Mornings meant waking early to a view of the sunrise and treetops through the open screen window of our cottage. Followed by quiet time on the beach for lots of easy reading. Floating around the bay with a snorkel before coming back to sit in the shade on the shore again. Watching the number of people on the beach slowly collect over the day from a few loners, to many regulars chatting socially, and occasional boatloads of tourists, and well-behaved dogs.
The heat and humidity were relentless. I remember a lot of hot walks to get around in the pounding sunshine, taking in the landscape that was a surprising desert-rainforest hybrid. As one local said, it took him a month for his body to adjust to stop sweating constantly, after he first moved to the area. Since I was staying in eco tent-cottages without air conditioning, water was my only respite: dips in the beach, breezy boat rides on the ferry, quick showers.
Evenings often found me sitting at a makeshift bar on the beach for a pina colada or bushwacker or cold beer or three, talking with old hippies, taking in the sunset over the water, trying to fend off mosquitos, and eventually admitting defeat to the bugs and heading back to camp, with a headlamp to guide the dark walk through the woods.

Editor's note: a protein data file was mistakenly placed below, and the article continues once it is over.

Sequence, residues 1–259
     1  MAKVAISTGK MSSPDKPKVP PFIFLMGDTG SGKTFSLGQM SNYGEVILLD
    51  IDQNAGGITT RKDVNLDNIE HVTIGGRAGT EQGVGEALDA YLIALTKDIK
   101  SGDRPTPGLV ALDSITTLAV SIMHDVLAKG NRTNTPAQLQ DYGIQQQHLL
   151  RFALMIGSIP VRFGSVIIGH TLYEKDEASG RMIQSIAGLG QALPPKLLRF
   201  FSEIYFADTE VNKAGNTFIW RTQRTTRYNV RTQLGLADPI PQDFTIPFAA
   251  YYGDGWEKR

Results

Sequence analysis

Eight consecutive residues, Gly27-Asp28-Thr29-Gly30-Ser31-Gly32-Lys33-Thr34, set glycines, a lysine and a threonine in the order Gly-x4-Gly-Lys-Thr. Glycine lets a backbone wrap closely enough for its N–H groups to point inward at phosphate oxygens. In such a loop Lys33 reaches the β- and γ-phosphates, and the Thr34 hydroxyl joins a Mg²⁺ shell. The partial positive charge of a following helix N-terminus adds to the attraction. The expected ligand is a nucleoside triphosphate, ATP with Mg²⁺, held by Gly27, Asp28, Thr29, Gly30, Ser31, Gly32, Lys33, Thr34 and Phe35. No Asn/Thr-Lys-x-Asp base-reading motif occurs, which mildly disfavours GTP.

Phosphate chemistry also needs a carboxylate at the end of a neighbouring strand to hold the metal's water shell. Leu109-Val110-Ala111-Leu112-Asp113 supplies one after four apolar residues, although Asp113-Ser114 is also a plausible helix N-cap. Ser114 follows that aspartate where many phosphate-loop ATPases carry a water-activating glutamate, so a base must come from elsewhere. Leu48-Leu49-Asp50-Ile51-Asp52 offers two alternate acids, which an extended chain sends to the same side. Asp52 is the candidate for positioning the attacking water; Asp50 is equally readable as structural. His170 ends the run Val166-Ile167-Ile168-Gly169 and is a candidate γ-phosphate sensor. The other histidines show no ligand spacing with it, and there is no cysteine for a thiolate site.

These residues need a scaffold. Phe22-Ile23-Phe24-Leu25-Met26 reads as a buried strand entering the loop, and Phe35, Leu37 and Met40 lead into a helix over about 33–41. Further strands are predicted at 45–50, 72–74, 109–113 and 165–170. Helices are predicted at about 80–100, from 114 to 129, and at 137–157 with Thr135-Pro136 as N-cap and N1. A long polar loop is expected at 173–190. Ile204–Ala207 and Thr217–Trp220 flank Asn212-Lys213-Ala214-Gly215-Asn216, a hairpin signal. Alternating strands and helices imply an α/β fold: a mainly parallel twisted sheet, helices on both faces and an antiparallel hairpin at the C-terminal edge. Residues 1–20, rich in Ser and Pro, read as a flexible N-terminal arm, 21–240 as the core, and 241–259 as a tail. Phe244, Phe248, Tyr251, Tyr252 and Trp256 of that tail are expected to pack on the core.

Night fell earlier there because of latitude, so it was early to bed and early to rise, lulled to sleep by the chirping music of birds and insects in the surrounded forest. The downside to no air conditioning was restlessness at night as I itched from bug bites collected over the day without cool air to soothe my skin. Despite the nightly discomfort, I still felt it was worth it for the totally unique experience of the campground. To be continued...